The homework horror stories need to be read in a proper perspective.  They seem to originate from the very personal discontents of a small group of parents.  They do not reflect the experience of the average family with a school-age child.  That does not diminish these stories’ power to command the attention of school officials or even the public at large. But it also suggests a limited role for policy making in settling such disputes.  Policy is a blunt instrument.  Educators, parents, and kids are in the best position to resolve complaints about homework on a case by case basis.  Complaints about homework have existed for more than a century, and they show no signs of going away.

Part II Notes:

[i]Brian Gill and Steven Schlossman, “A Sin Against Childhood: Progressive Education and the Crusade to Abolish Homework, 1897-1941,” American Journal of Education , vol. 105, no. 1 (Nov., 1996), 27-66.  Also see Brian P. Gill and Steven L. Schlossman, “Villain or Savior? The American Discourse on Homework, 1850-2003,” Theory into Practice , 43, 3 (Summer 2004), pp. 174-181.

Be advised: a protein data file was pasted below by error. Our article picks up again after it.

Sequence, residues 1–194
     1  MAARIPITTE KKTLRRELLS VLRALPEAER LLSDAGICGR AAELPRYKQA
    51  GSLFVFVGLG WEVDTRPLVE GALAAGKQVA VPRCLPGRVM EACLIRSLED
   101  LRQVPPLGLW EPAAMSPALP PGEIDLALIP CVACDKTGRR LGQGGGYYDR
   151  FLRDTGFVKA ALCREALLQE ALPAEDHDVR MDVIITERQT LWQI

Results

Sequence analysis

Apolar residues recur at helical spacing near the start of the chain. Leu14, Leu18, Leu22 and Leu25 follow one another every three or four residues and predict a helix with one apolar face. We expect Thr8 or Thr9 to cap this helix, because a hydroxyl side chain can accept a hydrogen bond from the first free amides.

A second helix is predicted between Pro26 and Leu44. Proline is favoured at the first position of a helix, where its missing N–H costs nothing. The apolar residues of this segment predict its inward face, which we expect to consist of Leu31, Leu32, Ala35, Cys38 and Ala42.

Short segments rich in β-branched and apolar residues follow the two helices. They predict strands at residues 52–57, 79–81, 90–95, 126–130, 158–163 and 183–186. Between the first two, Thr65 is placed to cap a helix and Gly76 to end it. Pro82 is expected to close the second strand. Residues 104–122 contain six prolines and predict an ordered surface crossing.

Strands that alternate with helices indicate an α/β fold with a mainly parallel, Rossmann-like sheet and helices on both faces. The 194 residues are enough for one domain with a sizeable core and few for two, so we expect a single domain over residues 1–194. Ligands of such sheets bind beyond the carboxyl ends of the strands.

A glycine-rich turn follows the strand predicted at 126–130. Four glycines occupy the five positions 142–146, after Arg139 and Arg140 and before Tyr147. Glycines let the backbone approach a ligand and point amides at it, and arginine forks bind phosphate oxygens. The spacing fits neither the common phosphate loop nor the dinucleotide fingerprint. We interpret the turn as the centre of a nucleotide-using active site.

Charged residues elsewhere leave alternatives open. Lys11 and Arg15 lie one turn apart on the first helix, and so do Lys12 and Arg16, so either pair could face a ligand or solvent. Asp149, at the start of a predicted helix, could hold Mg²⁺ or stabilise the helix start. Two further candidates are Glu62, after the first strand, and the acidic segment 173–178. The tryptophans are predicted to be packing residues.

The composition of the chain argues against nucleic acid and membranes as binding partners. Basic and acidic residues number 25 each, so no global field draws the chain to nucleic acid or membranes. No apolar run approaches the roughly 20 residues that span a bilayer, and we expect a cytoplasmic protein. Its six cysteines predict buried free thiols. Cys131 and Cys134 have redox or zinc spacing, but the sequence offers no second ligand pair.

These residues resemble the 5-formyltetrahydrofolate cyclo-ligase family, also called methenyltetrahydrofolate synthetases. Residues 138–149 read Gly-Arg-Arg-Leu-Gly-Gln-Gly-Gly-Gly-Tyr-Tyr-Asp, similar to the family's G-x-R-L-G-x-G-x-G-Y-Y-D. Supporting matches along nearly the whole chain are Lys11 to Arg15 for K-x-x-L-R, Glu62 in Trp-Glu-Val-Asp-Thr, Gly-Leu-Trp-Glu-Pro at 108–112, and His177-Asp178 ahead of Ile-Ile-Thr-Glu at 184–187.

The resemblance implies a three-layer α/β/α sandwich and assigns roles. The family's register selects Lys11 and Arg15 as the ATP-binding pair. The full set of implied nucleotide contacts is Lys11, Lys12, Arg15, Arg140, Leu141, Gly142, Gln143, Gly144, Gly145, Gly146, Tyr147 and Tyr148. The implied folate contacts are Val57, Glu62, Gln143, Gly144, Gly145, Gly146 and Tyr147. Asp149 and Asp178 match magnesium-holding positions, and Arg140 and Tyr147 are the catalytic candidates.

[ii] Bennett, Sara, and Nancy Kalish.  The Case Against Homework:  How Homework Is Hurting Our Children and What We Can Do About It   (New York:  Crown, 2006).  Buell, John.  Closing the Book on Homework: Enhancing Public Education and Freeing Family Time . (Philadelphia: Temple University Press, 2004). Kohn, Alfie.    The Homework Myth:  Why Our Kids Get Too Much of a Bad Thing  (Cambridge, MA: Da Capo Press, 2006).  Kralovec, Etta, and John Buell.  The End of Homework: How Homework Disrupts Families, Overburdens Children, and Limits Learning  (Boston: Beacon Press, 2000).

[iii] Hu, Winnie, “ New Recruit in Homework Revolt: The Principal ,” New York Times , June 15, 2011, page a1.

[iv] Data for other years are available on the NAEP Data Explorer.  For Table 1, the starting point of 1984 was chosen because it is the first year all three ages were asked the homework question.  The two most recent dates (2012 and 2008) were chosen to show recent changes, and the two years in the 1990s to show developments during that decade.